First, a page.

I haven't either → moi non plus
"I've never been to Spain." - "I haven't either." → "Je ne suis jamais allé en Espagne." - "Moi non plus."
I haven't got it either → moi non plus
either good or bad → ou bon ou mauvais, soit bon soit mauvais
either ... or ... → soit ... soit ...
You can have either ice cream or yoghurt → Tu peux prendre soit une glace soit un yaourt.
I haven't seen either one or the other → je n'ai vu ni l'un ni l'autre
Collins English/French Electronic Resource. © HarperCollins Publishers 2005


adj pron
(= one or other)eine(r, s) (von beiden); there are two boxes on the table, take either (of them)auf dem Tisch liegen zwei Schachteln, nimm eine davon; if on either side of the road there is a line of treeswenn eine Straßenseite mit Bäumen bestanden ist
(= each, both)jede(r, s), beide pl; either day would suit mebeide Tage passen mir; which bus will you take? — either (will do)welchen Bus wollen Sie nehmen? — das ist egal; she offered me tea and coffee, but I don’t drink either (of them)sie bot mir Tee und Kaffee an, aber ich trinke keines von beiden or ich trinke beides nicht; on either side of the streetauf beiden Seiten der Straße; it wasn’t in either (box)es war in keiner der beiden (Kisten)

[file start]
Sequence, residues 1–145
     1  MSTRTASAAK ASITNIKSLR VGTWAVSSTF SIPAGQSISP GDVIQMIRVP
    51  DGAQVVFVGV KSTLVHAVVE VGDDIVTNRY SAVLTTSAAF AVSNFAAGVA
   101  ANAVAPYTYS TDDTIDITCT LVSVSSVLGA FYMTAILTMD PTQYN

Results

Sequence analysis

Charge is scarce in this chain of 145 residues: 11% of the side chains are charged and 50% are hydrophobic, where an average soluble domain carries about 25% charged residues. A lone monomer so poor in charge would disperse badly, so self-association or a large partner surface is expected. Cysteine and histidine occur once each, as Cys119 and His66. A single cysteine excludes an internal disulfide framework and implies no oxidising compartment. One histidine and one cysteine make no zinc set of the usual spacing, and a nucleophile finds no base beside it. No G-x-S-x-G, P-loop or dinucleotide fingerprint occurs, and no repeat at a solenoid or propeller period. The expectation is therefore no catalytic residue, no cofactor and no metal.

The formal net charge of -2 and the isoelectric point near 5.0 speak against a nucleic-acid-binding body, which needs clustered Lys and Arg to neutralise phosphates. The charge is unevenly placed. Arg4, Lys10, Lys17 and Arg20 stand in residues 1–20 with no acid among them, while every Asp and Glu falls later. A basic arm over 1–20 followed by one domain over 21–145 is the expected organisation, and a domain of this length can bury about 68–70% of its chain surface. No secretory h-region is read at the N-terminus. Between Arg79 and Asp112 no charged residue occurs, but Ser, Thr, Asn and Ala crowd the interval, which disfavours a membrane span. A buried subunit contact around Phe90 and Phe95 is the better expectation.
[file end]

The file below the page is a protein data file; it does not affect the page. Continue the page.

adv conj
(after neg statement) → auch nicht; he sings badly and he can’t act eitherer ist ein schlechter Sänger, und spielen kann er auch nicht; I have never heard of him — no, I haven’t eitherich habe noch nie von ihm gehört — ich auch nicht
either … orentweder … oder; (after a negative) → weder … noch; he must be either lazy or stupider muss entweder faul oder dumm sein; either be quiet or go out!entweder bist du ruhig oder du gehst raus!; I have never been to either Paris or Romeich bin weder in Paris noch in Rom gewesen
(= moreover) she inherited some money and not an insignificant amount eithersie hat Geld geerbt, und (zwar) gar nicht so wenig
Collins German Dictionary – Complete and Unabridged 7th Edition 2005. © William Collins Sons & Co. Ltd. 1980 © HarperCollins Publishers 1991, 1997, 1999, 2004, 2005, 2007


1. adj
a. (one or other) → l'uno/a o l'altro/a
either day would suit me → mi va bene sia un giorno che l'altro
b. (each) → entrambi/e, ciascuno/a
on either side → su entrambi i lati
in either hand → in ciascuna mano
2. pron either (of them)(o) l'uno/a o l'altro/a
I don't want either of them → non voglio né l'uno né l'altro
give it to either of them → dallo a uno dei due
which bus will you take? - either → che autobus prendi? - uno qualsiasi dei due
I don't like either → non mi piace né l'uno né l'altro
3. conj either ...oro... o; (after neg) → né... né
either today or tomorrow → oggi o domani
either come in or stay out → o entri o stai fuori
I have never been to either Paris or Rome → non sono mai stato né a Parigi né a Roma
I haven't seen either one or the other → non ho visto né l'uno né l'altro
4. advneanche, nemmeno, neppure
he can't sing either → non sa neppure cantare